On Friday, the Commerce department released underwhelming first-quarter GDP growth figures. The U.S. economy only grew at an annual rate of 2.2%, against expectations of 2.5% GDP growth. But don't freak. Another recession isn't imminent. To the contrary. If we dig beneath the headline GDP figures, we find signs that important parts of the economy are actually gaining steam. Let me prove it.
Government's a Total Drag
With a federal budget deficit of over $1 trillion, we should rejoice when government spending ticks lower. So rejoice! Because that's precisely what's happening.
In the first quarter, federal government spending dropped 5.6%, which comes on the heels of a 6.9% decline in the fourth quarter. State and local government spending dropped, too, down 1.2%, marking the seventh consecutive quarter of declines. As Barron's notes, "The fall in state and local GDP actually has been the greatest since World War II."
Bottom line: If we strip out the drag from government spending, GDP actually rose 2.8%. In other words, we're no longer relying on the government to prop up the economy. That's a good thing!
Welcome Back, Mr. & Mrs. Consumer
If we dig into the private sector side of GDP figures, we notice another promising sign - the consumer's back! Consumer spending accelerated for the third quarter in a row, checking in at 2.9%. That's the fastest growth rate since the fourth quarter of 2010 - well ahead of expectations of a 2.3% increase.
Considering consumers account for up to 70% of GDP, the strength is an undeniably positive sign for the economy. And Tuesday morning's consumer spending report only underscores the strength in the GDP figures.
As the Commerce Department revealed, household purchases increased 0.3% in March. And February's gain was revised higher to 0.9%. What's more, incomes rose 0.4%, which was the biggest increase in three months, according to Bloomberg.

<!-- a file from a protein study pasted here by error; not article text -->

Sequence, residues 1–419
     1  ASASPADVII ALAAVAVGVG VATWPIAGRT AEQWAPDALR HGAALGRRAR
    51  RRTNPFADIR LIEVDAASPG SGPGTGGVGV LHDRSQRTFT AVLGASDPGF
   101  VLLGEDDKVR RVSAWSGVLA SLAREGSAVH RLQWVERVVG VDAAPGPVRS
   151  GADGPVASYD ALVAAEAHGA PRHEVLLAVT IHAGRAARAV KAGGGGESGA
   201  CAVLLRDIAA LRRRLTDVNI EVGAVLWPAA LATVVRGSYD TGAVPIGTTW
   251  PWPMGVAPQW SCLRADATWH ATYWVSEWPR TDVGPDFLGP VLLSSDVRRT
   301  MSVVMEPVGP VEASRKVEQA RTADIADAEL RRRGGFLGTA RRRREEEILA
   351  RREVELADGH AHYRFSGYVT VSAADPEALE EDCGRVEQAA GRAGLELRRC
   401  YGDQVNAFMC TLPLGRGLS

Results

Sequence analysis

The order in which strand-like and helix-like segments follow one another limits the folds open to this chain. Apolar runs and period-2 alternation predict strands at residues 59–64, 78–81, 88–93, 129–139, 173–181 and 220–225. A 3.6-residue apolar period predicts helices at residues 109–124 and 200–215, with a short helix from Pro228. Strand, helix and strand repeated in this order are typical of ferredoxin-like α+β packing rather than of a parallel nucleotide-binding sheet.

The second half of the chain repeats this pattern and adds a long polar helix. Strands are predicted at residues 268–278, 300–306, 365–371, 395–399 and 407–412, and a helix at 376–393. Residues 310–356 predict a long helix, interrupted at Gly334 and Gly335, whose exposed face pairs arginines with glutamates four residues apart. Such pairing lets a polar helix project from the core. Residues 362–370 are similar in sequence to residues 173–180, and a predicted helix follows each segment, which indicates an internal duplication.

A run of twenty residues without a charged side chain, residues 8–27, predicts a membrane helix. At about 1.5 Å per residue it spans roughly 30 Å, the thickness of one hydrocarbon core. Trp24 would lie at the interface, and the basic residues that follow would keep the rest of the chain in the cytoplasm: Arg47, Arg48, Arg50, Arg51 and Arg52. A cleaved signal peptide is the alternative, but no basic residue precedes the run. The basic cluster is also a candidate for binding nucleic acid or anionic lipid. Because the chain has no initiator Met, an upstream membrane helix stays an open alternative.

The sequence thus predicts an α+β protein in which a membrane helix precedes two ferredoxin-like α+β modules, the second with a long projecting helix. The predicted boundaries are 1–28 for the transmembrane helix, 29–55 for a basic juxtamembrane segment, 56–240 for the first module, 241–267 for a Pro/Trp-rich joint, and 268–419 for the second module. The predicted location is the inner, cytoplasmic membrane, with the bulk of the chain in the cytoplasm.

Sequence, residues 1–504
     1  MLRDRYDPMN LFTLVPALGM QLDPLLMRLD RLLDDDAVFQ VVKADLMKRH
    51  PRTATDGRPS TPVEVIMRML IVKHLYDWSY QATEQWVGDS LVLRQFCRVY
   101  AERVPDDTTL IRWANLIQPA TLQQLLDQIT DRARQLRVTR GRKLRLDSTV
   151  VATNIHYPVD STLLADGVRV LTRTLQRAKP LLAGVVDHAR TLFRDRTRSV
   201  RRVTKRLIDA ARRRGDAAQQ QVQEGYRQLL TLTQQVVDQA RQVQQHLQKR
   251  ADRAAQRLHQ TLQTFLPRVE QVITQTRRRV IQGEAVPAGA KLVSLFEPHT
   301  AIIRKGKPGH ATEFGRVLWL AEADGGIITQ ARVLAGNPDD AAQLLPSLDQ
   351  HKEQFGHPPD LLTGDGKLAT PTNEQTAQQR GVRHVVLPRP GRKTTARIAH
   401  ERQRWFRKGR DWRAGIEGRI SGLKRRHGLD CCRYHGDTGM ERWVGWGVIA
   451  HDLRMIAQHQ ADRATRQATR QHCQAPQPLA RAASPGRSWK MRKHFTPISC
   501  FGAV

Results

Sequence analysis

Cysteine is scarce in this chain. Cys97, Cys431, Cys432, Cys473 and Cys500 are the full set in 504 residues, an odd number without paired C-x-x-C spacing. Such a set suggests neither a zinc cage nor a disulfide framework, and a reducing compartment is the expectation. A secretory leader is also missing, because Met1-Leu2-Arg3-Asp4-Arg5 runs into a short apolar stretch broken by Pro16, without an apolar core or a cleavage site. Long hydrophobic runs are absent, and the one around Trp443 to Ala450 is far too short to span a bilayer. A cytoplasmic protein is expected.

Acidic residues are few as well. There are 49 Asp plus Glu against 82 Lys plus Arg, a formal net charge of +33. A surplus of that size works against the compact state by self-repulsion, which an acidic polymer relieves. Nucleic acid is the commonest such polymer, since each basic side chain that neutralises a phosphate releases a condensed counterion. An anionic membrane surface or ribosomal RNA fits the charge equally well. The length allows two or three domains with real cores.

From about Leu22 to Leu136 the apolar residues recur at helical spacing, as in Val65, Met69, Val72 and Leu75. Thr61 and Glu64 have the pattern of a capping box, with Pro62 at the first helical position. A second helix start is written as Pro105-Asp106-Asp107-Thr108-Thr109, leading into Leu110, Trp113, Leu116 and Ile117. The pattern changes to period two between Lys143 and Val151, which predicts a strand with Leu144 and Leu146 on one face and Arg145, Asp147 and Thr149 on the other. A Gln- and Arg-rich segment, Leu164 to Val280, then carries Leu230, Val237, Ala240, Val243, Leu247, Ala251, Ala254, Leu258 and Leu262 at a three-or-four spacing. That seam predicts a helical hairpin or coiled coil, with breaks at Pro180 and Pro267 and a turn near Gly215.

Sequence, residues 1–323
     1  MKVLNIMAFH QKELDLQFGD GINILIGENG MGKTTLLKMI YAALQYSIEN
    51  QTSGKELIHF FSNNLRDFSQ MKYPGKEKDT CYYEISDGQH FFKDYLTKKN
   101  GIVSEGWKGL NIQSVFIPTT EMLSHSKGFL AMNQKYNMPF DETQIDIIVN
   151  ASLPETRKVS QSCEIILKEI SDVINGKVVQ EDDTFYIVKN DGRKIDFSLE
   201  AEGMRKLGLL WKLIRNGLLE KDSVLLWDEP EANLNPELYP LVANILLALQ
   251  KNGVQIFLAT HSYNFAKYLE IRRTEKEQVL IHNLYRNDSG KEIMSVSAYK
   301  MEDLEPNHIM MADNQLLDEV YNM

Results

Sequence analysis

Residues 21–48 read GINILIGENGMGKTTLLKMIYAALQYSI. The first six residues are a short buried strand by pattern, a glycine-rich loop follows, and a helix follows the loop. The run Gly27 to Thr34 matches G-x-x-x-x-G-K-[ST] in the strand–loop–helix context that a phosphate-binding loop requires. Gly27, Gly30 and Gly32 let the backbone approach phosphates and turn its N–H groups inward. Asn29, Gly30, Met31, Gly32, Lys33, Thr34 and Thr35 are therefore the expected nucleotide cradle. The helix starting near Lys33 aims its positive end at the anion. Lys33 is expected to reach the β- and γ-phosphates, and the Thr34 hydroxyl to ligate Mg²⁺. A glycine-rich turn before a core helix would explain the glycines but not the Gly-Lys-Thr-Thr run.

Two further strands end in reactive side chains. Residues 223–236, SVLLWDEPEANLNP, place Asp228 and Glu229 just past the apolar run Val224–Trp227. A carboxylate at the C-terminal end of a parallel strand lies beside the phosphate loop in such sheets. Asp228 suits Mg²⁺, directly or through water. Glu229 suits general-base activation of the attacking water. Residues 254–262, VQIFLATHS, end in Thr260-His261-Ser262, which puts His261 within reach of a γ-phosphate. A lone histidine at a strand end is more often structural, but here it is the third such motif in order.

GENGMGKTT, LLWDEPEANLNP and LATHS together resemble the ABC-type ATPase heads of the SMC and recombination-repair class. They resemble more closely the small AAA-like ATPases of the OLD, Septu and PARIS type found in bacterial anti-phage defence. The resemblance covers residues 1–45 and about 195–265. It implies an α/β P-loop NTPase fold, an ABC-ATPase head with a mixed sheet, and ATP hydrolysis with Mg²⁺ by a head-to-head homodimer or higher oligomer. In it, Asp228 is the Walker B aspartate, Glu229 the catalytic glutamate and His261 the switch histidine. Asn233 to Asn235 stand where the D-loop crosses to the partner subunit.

So consumers aren't simply spending money they don't have. To the contrary, they're actually behaving thriftier, as the savings rates increased to 3.8%.
Bottom line: With the consumer back, retail stocks could get an additional lift in the coming months. Given improving fundamentals and below-market valuations, Macy's (NYSE: M) and Kohl's (NYSE: KSS) are two retail stocks worth considering. Especially Kohl's, since it also sports a modest 2.5% dividend yield.
Real Estate - Yes, Real Estate - is on the Mend
Another undeniably bright spot in the latest GDP report is real estate. (Yes, that moribund sector that I predicted hit rock bottom in February.) Residential fixed investments increased 19.1% in the first quarter. That's the fourth consecutive quarter of increases.
It's important to note that the Commerce Department's definition of residential fixed investments is broad. As well as equipment built into residential structures, like heating and air conditioning equipment, it includes "new construction of permanent-site single-family and multi-family units, improvements to housing units, expenditures on manufactured homes, brokers' commissions on the sale of residential property, and net purchases of used structures from government agencies."
In other words, a far-reaching recovery in real estate is underway, not an isolated one.
The good news? Significant upside remains because housing investment is more than 50% below the levels hit during the peak in 2005.
Bottom line: As I revealed last month, the "smart money" - like SAC Capital, Blackstone, Caxton Associates and Cerberus - is placing some chips back down in the real estate market. The latest data serves as another reason why you should consider re-entering the real estate market, too.